Citing a backlash from the community and questions over privacy, Seattle has scrubbed its surveillance program.

Seattle was one of 50 cities that received permission from federal authorities to test unmanned surveillance aircraft. It was given over $82,000 in grant money. Last October, the city showed off the tiny Dragonflyer X6, which police planned to use to obtain aerial footage of crime scenes.

However, the public unveiling was attended by numerous angry protestors and citizens who said it would severely violate their privacy. Police had just begun to map out coordinates to determine where the drones would be used and had begun to develop rules for that use when the cancellation notice came Friday.

Mayor Mike McGinn's decision was called premature by some city council members. The ACLU, who had been helping write the rules for use by the police, said they applauded the mayor's decision due to a large number of unanswered questions and ethical issues.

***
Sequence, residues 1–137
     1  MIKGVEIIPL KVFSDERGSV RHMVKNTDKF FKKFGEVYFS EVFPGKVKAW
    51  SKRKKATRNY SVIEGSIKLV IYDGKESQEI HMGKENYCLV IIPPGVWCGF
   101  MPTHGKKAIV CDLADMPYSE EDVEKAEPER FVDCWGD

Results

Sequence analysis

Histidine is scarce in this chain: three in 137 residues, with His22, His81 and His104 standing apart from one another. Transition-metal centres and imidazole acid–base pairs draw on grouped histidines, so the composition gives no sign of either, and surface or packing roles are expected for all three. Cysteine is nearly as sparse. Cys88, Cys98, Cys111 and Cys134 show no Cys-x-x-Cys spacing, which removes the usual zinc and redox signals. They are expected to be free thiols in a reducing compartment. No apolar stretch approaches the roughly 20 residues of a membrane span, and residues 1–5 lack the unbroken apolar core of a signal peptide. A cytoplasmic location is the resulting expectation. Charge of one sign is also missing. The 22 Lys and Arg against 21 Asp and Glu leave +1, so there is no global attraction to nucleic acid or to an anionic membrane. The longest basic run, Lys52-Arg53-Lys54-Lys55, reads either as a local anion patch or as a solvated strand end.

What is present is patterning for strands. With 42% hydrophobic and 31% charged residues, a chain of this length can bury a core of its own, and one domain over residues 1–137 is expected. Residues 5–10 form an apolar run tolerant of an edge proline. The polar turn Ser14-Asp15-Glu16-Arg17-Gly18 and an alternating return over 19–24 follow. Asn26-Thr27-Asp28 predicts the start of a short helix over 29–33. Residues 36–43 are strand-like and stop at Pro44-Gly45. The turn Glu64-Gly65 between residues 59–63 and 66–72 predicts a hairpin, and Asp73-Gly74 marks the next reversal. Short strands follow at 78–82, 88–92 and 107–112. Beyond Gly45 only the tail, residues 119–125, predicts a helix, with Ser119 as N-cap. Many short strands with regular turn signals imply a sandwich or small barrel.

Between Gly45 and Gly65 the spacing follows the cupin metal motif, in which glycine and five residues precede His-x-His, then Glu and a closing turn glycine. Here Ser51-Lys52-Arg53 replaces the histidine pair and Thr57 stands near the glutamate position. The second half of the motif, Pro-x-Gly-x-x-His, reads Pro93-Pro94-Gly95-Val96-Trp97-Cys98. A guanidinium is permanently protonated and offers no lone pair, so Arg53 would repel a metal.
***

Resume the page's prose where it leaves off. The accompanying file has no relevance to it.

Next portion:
One of the biggest objections from the community was what would be done with video footage taken from the drones, and how long would the police save it?

As for the $82,000-plus in federal grant money used to get the drones? According to city council members who reportedly asked police chief John Diaz, Seattle doesn't get it back.

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